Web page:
And Kevin Trenberth, a climate scientist at the National Center for Atmospheric Research (NCAR), also said, “It is a bit misleading to say there is no hiatus” in global warming. And according to the satellite temperature dataset, it shows no statistical warming for the past 18.9 years with some datasets showing the pause as long as 26 years. Piers Forster, an atmospheric physicist at the University of Leeds in England, said NOAA’s study was misleading and it hasn’t “‘magicked’ the hiatus away or somehow corrected the IPCC.”
In fact, scientists who have investigated the warming hiatus have said the Karl study’s “key shortcoming is that it does what mainstream climate scientists accuse climate skeptics of doing: cherry-picking start and end dates to arrive at a particular conclusion.” Climate scientist Dr. Judith Curry writes of the Karl study: “These results do not support the notion of a ‘slowdown’ in the increase of global surface temperature. Color me ‘unconvinced.'”
Gerald Meehl, a climate researcher at NCAR in Boulder, Colorado, told Mashable in an email: “My conclusion is that even with the new data adjustments, there still was a nominal hiatus period that lasted until 2013 with a lower rate of global warming than the warming rate of the last 50 years of the 20th century, and a factor of two slower warming than the previous 20 years from the 1970s to 1990s.”
Which brings us full circle back to the House committee that oversees NOAA. Smith contends that when NOAA rushed this research to publication it did so over the objections of other in-house scientists. The Karl Study, at the center of the committee’s investigation, has brought widespread disdain from non-skeptical scientists and scientists skeptical of the link between humankind’s emissions of carbon dioxide and global warming. Any warming since temperature recordkeeping began over two centuries ago shows only a 0.5 degrees Celsius warming.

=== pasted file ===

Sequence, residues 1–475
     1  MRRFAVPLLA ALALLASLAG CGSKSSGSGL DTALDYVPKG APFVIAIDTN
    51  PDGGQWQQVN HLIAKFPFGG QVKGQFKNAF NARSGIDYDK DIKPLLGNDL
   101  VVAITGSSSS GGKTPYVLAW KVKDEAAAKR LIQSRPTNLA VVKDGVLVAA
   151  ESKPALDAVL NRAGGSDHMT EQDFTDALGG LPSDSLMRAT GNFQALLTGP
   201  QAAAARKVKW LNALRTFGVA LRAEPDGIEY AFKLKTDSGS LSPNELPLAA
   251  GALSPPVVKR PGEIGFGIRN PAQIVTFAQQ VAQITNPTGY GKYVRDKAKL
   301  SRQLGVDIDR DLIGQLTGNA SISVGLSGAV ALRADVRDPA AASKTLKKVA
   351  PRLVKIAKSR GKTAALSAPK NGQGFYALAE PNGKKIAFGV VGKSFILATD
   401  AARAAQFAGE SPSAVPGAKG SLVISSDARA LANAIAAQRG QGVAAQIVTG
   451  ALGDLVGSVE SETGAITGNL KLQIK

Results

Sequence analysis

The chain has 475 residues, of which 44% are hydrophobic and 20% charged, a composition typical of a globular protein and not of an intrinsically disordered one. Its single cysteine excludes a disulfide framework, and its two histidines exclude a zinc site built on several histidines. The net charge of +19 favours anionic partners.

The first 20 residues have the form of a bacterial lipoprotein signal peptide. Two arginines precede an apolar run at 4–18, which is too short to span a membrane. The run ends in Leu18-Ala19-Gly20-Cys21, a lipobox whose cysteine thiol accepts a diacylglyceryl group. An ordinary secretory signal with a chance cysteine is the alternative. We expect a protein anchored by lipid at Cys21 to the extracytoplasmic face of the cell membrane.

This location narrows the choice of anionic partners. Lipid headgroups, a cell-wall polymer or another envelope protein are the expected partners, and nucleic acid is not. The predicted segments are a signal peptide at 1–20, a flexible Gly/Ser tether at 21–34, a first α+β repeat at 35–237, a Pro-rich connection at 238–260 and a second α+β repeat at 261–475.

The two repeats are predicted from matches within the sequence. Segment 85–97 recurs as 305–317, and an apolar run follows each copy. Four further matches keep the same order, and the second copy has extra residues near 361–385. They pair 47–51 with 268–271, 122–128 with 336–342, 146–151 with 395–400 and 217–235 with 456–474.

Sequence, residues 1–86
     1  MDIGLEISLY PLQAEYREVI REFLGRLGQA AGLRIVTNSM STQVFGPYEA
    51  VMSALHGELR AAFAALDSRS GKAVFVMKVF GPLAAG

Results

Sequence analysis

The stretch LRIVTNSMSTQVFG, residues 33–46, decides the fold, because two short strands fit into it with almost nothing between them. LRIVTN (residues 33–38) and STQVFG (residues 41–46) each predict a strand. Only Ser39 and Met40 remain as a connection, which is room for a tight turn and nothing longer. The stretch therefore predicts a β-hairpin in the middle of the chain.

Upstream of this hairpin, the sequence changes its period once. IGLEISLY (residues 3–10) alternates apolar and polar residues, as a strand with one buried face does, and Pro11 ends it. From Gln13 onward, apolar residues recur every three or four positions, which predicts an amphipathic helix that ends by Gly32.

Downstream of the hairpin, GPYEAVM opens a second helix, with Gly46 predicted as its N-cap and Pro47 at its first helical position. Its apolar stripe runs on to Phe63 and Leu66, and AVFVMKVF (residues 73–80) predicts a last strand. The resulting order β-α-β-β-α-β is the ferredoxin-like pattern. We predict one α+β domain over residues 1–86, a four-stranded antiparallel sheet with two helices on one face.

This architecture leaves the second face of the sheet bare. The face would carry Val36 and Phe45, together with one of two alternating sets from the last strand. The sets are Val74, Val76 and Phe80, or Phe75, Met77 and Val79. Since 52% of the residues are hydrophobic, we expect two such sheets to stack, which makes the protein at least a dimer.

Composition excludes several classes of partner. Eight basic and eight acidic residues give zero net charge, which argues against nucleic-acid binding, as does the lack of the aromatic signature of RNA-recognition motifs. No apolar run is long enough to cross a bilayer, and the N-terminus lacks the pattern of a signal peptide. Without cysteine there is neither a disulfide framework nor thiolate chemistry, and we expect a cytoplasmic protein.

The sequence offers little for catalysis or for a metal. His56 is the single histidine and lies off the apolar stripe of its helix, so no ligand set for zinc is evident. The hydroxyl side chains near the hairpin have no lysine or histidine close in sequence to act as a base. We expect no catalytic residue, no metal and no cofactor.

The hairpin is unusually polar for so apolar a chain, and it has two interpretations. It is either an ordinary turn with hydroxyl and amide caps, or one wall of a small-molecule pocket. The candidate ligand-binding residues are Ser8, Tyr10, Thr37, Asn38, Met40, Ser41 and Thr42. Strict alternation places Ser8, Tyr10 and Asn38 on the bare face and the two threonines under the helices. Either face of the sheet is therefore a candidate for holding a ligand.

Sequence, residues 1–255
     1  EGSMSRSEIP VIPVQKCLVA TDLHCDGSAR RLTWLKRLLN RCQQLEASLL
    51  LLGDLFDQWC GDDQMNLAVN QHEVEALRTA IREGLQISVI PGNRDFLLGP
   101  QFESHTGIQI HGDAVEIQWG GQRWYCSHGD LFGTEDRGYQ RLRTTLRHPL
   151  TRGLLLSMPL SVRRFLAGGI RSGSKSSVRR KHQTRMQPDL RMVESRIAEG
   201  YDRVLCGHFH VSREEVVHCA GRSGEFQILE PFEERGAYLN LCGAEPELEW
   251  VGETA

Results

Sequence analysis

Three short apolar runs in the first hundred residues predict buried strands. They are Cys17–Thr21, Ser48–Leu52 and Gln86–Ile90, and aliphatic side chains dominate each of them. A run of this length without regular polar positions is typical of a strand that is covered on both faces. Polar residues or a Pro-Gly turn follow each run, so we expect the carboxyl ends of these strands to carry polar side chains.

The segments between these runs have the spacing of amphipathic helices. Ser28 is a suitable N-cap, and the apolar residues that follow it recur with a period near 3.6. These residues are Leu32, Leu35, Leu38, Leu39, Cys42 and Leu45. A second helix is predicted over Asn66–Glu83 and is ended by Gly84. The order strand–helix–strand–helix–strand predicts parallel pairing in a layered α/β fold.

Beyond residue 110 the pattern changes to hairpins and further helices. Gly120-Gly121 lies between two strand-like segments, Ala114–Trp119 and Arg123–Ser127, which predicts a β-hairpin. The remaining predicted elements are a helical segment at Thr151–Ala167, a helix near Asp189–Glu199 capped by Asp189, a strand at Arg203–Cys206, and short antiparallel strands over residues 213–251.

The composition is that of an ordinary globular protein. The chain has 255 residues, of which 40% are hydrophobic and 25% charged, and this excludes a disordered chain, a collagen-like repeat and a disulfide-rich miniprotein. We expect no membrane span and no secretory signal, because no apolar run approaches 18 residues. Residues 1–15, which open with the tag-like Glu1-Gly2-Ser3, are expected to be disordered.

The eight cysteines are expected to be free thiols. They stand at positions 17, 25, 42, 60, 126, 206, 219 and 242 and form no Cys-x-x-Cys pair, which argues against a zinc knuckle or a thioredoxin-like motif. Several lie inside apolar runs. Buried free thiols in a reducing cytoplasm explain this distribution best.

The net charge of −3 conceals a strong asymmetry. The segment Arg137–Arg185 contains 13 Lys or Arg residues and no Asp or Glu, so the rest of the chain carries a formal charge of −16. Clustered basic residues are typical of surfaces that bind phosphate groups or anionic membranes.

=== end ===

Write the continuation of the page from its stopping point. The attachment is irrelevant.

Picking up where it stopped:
While Democrats accuse Smith of being contemptuous of the scientific method (the holy grail in carrying out all scientific inquiries), his supporters argue that he is doing what this committee has been loathe to do in the past: oversee spending at NOAA, NASA, NSF, and other non-defense research and development. Smith says that Johnson’s utter “lack of interest” in rooting out government waste and misconduct puts her “partisan political allegiance to the Obama administration.”
The glacial tone between Smith and Johnson has gotten so polarized that when the climate change conference in Paris began, the committee held a hearing titled “Pitfalls of Unilateral Negotiations at the Paris Climate Change Conference.” Rep. Donna Edwards (D-Md.), also on the panel, told the Post that “because of the tenor that the chairman has taken, he’s challenged this idea that we’re going to depoliticize science.” Edwards also thinks that scientists are “disengaged from politics,” though their twitter feeds say differently.
Those that do speak up and challenge any aspect of the underlying science are quickly “tossed out of the global warming tribe,” The Spectator writes. Climate scientist Michael Mann is one of the most fervent believers in anthropogenic (man-made) global warming (AGW), and even scientists who subscribe to the basic tenets of AGW theory, but also believe natural variability strongly affects our climate, are quickly branded “heretics.” Mann calls anyone that questions man-made global warming theory ‘anti-science.’
Is it any wonder that the vicious rhetoric surrounding sound climate analysis has morphed into a climate Inquisition, and has now spilled over into the halls of Congress? The late Dr. Michael Crichton once wrote: “In science, consensus is irrelevant. What is relevant is reproducible results. The greatest scientists in history are great precisely because they broke with the consensus… There is no such thing as consensus science. If it’s consensus, it isn’t science. If it’s science, it isn’t consensus. Period.”